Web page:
All investments involve risk, although some investments are riskier than others. At the Brighter Life blog, Kevin Press summarizes the three investment risks that are most important in today’s economy: political risk, currency risk, and interest rate risk.
Read more: Three Investment Risks That Matter Right Now.
At MarketWatch, Chuck Jaffe breaks these investment risks down even further, and identifies some additional risks that reflect your own personal situation, rather than the markets. Examples would be saving for a special occasion, or needing money at a particular time, regardless of when the investment will yield the best return.
While he says that every investor should understand these nine key risks, it’s important to identify your biggest financial worry and protect against that particular risk.
Read more: 9 Financial Risks Everyone Should Understand.
The impact of gender and emotions on risk taking
According to Dr. Lynda Shaw, quoted in The HR Director, male risk taking tends to increase under stress, while female risk taking tends to decrease under stress.
Shaw defines risk as “the potential of losing something of value, weighed against the potential to gain something of value.” She says we need to approach risk with calculated confidence, ask experts for help, learn from mistakes, be open to multiple opportunities, and evaluate the outcome of our decisions.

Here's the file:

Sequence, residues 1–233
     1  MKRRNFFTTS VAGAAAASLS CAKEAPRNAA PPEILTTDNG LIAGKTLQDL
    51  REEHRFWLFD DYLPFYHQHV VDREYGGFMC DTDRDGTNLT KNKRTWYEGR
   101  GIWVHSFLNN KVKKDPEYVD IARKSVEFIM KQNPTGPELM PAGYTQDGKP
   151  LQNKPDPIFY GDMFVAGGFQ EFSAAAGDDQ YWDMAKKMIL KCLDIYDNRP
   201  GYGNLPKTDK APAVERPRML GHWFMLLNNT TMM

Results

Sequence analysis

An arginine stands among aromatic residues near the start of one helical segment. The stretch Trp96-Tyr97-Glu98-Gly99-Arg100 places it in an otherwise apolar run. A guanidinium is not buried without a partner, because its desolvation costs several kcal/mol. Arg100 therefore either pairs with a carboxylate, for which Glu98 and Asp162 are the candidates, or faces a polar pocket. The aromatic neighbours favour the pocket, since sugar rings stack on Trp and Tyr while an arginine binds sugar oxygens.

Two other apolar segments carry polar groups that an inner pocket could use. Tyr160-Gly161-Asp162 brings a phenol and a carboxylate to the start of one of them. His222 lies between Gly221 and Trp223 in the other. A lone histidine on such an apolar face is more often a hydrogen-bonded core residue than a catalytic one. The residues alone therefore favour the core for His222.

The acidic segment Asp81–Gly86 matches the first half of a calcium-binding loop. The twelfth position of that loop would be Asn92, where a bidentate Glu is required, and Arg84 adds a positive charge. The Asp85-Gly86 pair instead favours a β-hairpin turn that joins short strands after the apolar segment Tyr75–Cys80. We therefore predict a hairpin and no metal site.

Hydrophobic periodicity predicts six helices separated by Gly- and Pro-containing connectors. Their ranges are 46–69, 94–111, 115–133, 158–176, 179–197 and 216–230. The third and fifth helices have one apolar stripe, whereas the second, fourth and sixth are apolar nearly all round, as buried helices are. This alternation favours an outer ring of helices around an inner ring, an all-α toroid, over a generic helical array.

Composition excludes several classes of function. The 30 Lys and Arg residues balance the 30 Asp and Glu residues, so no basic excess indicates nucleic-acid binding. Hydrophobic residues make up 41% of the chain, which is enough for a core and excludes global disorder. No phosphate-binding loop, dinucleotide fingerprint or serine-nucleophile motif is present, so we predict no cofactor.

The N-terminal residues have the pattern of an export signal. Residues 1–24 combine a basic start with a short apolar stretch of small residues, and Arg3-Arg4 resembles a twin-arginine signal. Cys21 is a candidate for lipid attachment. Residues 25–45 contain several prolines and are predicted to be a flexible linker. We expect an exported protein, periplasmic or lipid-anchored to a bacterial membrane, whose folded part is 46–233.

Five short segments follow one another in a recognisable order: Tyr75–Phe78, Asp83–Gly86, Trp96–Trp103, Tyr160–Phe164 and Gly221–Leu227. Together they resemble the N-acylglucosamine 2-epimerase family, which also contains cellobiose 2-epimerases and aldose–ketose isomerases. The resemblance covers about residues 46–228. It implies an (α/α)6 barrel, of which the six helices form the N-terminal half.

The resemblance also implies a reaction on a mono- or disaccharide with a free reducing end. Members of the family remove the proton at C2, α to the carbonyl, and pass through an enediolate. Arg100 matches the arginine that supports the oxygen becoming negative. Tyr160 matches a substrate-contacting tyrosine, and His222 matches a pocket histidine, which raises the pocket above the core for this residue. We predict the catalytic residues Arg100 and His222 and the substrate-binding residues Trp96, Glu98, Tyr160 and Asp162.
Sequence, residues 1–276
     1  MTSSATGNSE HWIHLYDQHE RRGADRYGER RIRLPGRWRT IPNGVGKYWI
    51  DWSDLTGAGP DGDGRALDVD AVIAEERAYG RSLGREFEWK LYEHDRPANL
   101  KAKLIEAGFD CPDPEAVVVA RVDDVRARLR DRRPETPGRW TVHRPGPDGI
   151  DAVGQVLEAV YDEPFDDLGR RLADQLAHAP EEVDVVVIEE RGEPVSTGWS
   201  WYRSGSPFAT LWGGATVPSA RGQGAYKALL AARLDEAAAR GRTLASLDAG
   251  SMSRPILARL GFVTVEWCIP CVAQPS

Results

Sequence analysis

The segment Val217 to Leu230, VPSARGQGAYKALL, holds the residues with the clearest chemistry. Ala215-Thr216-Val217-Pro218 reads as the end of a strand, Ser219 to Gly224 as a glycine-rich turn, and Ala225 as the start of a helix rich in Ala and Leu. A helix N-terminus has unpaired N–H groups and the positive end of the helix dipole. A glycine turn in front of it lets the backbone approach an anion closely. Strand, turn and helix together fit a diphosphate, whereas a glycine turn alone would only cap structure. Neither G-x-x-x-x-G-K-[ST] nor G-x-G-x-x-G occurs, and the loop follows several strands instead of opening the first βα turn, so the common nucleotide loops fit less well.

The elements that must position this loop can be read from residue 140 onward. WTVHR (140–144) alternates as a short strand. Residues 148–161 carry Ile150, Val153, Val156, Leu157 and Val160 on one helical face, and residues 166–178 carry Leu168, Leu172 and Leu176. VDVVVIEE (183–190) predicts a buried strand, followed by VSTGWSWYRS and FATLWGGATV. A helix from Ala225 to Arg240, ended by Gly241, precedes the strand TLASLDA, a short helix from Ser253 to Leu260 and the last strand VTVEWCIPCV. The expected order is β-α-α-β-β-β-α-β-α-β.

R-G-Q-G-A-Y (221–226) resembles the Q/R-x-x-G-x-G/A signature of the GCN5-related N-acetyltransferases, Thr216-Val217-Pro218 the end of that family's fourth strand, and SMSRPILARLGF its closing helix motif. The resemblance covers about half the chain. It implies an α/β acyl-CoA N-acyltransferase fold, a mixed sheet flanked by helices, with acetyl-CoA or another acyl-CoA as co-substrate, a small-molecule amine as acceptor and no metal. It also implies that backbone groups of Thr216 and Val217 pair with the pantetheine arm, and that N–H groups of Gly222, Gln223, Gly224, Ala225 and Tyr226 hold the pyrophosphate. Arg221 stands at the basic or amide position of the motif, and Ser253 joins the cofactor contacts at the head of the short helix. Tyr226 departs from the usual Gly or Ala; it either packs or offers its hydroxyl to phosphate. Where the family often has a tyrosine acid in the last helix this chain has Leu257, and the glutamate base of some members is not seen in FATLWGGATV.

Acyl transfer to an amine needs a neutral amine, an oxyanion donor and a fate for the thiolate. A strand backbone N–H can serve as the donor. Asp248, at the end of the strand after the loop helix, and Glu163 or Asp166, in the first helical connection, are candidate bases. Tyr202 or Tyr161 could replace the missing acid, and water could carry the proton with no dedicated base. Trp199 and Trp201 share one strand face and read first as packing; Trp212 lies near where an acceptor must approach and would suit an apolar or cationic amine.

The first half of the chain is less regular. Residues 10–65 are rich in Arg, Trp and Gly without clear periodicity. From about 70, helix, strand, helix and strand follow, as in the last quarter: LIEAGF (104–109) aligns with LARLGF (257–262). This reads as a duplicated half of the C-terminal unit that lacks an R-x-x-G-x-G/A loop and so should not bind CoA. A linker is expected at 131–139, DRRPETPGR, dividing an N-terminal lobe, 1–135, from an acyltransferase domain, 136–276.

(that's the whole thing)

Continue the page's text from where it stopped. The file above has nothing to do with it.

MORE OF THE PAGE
Read more: Psychology of Risk Management in Business.
Jeff Brown at Main Street says that basing investment choices on one’s philosophy and emotions – a risk tolerance approach – can lead to bad strategy, possibly choosing investments that are too conservative for what’s needed in retirement.
A risk capacity approach, on the other hand, is based on dollars and cents rather than emotions. “It boils down to assessing how much the investor can afford to lose in a market downturn, and how long the investor could afford to wait for a recovery while continuing to spend at the intended level.”
Read more: Stop Thinking About Risk Tolerance, Try Risk Capacity Instead.
After all, says Kris Venne, emotions make awful investment managers. He says investors’ emotions get involved too easily when they have multiple advisors managing different aspects of their investment portfolio. It’s far better, he says, to have one advisor appointed officially as the “quarterback.” Otherwise there is the risk of “an overall poorly designed asset allocation, not representing any one particular measurable benchmark.”
Read more: Emotions Make Awful Investment Managers.
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